Phone: (09) 845 2235
Rating out of 10: Food: 7, Service: 8, Value: 7, Ambience: 6
IIt's high time Pt Chevalier transformed its shops and restaurants to satisfy its relatively new, upwardly mobile urbanites.
The dowdy and depressing shopping "mall" will surely be bowled soon. And, thank goodness, here to help start the trend, is Twisted Tomato.
The restaurant, which started life as a cafe and now under-pitches itself as a "local eatery", has had a relatively inexpensive makeover. Every corner, from dining room to the loos out back, have been scrubbed spotless and repainted until the whole place feels fresh and welcoming.
Floors are the polished grey chip concrete so beloved by designers. The tables are basic, chairs comfy, the art, including the multi-coloured wooden bar, original and offbeat.
Run by the lovely Tamara and her German chef husband, Thomas, who comes via TriBeCa in Parnell where he worked under Hayden McMillan, the service and cuisine have a stylish, European flavour.
And the food? Well, that's their best-kept secret.
Both menu and wine list are short but beautifully pitched. We started with two glasses of the off-dry but aromatic Balancia pinot gris, plus a glass of Kumeu chardonnay, to accompany four of the five entrees on offer.
I was brought up on the glories of offal, so chose the crispy pigs' head torchon, which was a hit. The two, large, breaded and fried croquettes, or torchon, arrived garnished with a substantial salad alongside. When I cut into them they were just crispy enough with a tasty filling of pork meat that had been slow-cooked until it melted in my mouth. Lean and luscious, there were no tell-tale whiskers, teeth or bones to negotiate and the
serving was generous enough to share my entire second torchon with the others.
Mary's soup turned out to be an unusual stiff mix of corn and potato, which she assured us was delicious. Barry's scallops were smallish but surprisingly plentiful and perfectly cooked, and Brian's rabbit agnolotti was a knockout. The pasta had that unmistakable handmade softness; the rabbit filling was moist and tasty and the accompanying sauce finished it nicely.
By now the little eatery was full. We'd been warned on booking to get there before two large tables arrived at 7.30pm, so there was no hold-up with the food. Indeed, if anything, our main courses arrived a little too early.
Unfortunately, however, the combination of ceiling fans, background music, several high-spirited conversations and that cool-looking concrete floor made it almost impossible to hear each other. So instead we happily concentrated on the food.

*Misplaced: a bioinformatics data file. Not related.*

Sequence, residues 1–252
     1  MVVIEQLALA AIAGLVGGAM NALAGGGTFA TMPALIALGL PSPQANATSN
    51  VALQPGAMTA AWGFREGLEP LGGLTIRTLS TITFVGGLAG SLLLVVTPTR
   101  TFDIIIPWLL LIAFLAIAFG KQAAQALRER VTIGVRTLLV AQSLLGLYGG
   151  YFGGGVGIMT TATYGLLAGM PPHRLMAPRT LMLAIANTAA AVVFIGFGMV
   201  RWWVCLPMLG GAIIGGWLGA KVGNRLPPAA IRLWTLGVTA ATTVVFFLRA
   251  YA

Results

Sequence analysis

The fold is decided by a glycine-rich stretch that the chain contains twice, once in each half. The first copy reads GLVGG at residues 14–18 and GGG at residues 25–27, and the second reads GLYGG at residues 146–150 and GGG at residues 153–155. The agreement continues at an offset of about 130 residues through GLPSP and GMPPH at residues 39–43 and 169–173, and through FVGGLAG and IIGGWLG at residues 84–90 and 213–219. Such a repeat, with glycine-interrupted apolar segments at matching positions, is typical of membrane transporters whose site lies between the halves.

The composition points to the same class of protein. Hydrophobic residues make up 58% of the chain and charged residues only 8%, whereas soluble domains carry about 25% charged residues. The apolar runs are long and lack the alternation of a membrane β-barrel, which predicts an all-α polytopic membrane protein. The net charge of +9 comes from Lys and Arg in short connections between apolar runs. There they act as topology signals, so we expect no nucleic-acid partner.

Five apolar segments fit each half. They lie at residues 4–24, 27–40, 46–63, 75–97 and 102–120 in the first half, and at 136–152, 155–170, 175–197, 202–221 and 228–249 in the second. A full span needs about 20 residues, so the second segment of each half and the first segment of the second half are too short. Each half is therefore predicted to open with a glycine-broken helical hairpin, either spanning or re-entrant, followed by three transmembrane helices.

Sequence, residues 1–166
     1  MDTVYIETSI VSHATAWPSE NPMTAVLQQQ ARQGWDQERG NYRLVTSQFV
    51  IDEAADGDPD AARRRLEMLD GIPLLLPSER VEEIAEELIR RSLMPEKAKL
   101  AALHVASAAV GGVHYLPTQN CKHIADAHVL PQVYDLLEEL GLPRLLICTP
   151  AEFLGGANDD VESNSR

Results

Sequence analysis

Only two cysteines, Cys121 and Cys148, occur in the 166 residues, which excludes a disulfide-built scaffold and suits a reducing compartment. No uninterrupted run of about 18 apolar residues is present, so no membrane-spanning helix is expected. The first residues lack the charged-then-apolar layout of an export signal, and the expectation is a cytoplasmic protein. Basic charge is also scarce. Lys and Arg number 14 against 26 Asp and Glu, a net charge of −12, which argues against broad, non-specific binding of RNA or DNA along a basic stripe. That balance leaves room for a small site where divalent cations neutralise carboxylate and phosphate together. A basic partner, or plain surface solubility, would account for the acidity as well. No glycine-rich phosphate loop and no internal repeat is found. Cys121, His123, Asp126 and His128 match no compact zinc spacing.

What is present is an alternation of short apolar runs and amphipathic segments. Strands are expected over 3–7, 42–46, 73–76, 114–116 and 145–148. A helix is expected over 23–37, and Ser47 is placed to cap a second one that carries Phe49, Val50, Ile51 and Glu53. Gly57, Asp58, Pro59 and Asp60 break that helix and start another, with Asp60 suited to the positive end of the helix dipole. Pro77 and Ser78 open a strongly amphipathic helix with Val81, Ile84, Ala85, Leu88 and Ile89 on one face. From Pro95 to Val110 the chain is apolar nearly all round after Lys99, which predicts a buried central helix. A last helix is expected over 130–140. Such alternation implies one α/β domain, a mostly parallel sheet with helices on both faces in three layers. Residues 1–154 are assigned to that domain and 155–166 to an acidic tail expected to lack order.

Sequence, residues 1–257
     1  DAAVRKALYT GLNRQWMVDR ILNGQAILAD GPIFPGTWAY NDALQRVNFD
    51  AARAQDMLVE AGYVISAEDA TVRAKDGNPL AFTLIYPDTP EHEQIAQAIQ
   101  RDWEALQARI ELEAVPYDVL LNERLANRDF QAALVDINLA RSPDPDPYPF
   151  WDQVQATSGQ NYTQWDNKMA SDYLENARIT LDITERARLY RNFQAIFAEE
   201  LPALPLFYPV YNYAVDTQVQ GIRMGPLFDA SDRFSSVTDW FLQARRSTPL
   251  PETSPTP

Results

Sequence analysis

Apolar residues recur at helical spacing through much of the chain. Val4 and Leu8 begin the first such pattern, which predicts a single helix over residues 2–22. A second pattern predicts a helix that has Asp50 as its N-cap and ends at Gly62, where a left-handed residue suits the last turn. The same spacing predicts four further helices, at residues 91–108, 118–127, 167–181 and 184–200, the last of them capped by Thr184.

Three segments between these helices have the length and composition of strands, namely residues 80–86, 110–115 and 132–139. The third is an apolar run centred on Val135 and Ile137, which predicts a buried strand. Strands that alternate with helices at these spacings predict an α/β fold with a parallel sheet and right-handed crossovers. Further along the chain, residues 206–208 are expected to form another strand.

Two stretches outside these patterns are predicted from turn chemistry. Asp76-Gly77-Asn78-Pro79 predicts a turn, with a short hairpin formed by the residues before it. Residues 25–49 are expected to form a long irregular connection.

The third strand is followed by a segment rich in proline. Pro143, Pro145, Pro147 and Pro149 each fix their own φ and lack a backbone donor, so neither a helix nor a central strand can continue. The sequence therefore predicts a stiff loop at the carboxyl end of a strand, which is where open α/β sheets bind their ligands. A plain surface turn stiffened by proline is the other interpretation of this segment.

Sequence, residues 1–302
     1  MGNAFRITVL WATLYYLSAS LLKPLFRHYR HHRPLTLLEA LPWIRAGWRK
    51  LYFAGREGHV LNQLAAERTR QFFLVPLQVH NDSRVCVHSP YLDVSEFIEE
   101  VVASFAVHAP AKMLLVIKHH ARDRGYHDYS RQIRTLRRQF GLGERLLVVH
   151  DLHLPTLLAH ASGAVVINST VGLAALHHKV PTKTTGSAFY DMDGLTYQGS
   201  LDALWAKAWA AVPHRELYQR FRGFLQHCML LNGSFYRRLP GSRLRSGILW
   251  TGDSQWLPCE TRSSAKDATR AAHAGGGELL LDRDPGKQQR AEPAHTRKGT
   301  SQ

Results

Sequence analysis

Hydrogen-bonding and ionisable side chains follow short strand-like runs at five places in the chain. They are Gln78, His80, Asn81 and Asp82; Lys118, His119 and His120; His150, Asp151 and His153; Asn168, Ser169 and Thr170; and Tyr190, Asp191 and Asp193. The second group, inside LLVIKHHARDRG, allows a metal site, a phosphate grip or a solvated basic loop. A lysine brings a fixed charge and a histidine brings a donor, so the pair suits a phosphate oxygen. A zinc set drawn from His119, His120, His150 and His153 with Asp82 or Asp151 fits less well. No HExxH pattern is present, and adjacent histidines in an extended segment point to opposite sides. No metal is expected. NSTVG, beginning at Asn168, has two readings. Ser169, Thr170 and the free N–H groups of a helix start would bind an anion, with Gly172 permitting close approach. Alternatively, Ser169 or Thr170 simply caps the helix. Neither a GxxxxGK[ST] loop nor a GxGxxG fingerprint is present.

Barry ordered the lamb rump, which arrived tender and delicious after a lengthy session in the sous vide. Mary chose the sirloin steak, which was hearty and reasonably tender. I had the more manageable duck leg, which, though not advertised as confit, was only one step away from that delectable taste, and Brian had the snapper. Panfried to moist perfection, it was served with an interesting combo of baked summer vegetables. Our side serving of green beans wasn't really necessary alongside such lavish helpings but we ate them anyway. Again, they were perfectly cooked to that point between crisp and flabby.
The service was outstanding, too. Our meals arrived with precision timing, Tamara, who treated us more like friends than customers, knew her wine list thoroughly and worked out what we wanted in seconds. She also apologised for not having any dairy-free options on the dessert menu; and also for seating us near the speakers when we were obviously past the bloom of youth.
There were four desserts on the blackboard. Both men had the chocolate mousse, Mary the mango parfait, which she said was rich and sinful without being overly sweet (and she ate every scrap). My poached stone fruit of nectarines and plums, came with a liberal topping of almond crunch.
For us, after months of shared, small-plate dining, Twisted Tomato was a blessed relief.
Sure, we swapped mouthfuls, but it was great to have our own private plates to tuck into.
It also made me realise that dining the old-fashioned European way means you end up getting more tucker for your buck.